When it comes to pantry recipes this one is the easiest. If you know how to chop onions and throw some cans of beans in a pot, you’ve pretty much got this recipe mastered. Feel free to shake up the toppings based on what you’ve got in the fridge. A dollop of plain yogurt, chopped tomatoes, just about any fresh herbs, onions—all good.

Stuffed Sweet Potatoes

Let these be an inspiration—they can be stuffed with just about anything. My lunch today was a roasted sweet potato split open and stuffed with basil, massaged kale, avocado, and everything spice. Yum. Now those are pantry recipes we want to have on file.

Superfood Oat Porridge

Sometimes when I don’t feel like thinking about dinner but crave something heartwarming, a bowl of oatmeal hits the spot. This one has a savory or sweet option to suit your mood, plus a boost of fiber and healthy fat from the chia seeds. If you go the sweet route, any frozen berry works great here (and may turn your porridge a delightful shade of purple!)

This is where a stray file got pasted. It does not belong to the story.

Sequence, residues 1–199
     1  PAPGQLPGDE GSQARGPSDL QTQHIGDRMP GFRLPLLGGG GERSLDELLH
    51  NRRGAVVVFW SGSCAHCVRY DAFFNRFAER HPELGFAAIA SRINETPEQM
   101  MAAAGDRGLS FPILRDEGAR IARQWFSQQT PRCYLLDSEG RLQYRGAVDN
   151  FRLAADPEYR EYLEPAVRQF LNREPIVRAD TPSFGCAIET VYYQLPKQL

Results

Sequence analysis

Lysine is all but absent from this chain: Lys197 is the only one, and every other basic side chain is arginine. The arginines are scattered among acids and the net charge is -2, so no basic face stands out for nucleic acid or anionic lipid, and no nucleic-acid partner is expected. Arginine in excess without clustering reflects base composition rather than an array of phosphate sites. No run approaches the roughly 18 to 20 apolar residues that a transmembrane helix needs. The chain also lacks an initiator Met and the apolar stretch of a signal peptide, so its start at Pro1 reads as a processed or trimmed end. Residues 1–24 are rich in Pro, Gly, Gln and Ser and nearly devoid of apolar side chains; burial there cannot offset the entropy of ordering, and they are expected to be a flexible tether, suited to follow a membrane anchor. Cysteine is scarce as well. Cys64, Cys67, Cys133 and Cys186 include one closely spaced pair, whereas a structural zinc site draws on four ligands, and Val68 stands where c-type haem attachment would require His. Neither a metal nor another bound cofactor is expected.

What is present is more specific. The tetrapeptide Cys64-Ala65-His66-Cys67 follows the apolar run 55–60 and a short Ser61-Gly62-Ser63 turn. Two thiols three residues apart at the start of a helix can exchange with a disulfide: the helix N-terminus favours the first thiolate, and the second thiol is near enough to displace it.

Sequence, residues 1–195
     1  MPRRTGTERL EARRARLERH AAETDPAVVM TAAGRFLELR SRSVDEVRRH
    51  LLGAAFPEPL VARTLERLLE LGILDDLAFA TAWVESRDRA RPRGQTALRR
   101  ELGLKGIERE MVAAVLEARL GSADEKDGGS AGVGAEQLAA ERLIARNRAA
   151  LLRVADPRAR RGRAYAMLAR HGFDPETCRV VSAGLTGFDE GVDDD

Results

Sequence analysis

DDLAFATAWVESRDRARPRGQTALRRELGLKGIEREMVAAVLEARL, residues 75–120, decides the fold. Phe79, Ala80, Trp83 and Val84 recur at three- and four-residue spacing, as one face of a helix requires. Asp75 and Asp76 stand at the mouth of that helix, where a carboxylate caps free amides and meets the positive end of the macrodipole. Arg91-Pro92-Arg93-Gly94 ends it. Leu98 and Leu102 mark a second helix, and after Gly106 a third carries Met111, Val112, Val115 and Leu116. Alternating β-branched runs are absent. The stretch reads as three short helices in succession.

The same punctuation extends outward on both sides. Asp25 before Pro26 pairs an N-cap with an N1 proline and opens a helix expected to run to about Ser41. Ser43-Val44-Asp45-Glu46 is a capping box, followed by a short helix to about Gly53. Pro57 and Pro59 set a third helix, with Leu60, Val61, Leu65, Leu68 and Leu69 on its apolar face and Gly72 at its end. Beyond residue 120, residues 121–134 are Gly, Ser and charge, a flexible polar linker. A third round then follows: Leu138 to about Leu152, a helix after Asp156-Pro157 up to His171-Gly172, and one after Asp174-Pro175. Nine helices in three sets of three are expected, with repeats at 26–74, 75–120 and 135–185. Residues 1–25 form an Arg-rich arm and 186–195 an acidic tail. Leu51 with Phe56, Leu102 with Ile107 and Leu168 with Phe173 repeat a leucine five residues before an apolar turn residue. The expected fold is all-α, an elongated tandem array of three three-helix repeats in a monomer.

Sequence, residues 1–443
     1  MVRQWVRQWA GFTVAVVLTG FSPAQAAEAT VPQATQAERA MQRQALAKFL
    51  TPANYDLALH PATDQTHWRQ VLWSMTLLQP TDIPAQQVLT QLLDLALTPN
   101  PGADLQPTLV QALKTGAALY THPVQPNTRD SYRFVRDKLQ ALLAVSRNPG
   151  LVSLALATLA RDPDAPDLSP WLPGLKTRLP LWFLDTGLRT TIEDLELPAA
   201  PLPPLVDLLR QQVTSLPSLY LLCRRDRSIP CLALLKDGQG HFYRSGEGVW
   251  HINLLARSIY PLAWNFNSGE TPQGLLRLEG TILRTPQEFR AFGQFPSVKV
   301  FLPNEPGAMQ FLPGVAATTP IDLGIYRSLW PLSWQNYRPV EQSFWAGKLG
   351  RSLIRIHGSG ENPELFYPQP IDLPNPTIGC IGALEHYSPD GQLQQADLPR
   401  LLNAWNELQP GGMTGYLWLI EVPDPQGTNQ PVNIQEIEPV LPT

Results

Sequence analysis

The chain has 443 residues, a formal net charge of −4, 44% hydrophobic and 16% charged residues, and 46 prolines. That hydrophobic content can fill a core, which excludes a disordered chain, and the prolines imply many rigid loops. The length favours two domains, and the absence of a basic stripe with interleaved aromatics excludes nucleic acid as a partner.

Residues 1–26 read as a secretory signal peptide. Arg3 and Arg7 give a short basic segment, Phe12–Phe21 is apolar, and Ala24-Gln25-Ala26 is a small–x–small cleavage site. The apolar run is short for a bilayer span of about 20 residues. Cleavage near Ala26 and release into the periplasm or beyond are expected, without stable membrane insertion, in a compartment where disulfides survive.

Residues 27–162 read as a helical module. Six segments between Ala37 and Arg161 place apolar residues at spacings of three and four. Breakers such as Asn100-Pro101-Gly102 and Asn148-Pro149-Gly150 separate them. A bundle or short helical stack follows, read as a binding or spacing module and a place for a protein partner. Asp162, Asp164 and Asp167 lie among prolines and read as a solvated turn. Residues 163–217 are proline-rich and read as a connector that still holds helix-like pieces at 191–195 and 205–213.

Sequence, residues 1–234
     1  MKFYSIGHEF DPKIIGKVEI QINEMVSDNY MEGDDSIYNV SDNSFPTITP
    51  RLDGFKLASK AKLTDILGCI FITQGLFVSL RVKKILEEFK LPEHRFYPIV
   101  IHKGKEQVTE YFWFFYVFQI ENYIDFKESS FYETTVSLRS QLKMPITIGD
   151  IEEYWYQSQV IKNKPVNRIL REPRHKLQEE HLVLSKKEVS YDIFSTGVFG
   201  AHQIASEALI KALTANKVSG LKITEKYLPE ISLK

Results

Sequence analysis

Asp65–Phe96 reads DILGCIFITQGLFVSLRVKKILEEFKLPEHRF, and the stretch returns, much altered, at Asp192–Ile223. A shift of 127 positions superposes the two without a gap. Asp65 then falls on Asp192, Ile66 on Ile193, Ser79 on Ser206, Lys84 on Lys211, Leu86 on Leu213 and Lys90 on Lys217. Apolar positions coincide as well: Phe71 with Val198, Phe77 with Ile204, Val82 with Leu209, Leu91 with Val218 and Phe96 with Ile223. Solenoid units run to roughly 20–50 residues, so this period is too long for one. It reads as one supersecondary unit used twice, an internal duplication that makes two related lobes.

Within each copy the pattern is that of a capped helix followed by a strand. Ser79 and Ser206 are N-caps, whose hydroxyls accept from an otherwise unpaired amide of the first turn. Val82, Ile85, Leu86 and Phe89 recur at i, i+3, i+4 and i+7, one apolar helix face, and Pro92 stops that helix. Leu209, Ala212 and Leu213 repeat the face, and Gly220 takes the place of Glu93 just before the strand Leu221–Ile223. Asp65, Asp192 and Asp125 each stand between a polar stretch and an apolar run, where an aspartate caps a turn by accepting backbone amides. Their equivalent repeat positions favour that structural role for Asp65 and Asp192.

The Best Shakshuka

The last time I made this, I didn’t have any fresh tomatoes on hand, so I substituted a 28 ounce can of chopped fire-roasted tomatoes. So easy it was almost ridiculous, and dare I say it turned out as good as the original? I like to scoop this up with toasted pita or baguette slices.

What are your favorite pantry recipes? Share the link with us below.

This post was originally published on March 17, 2020, and has since been updated.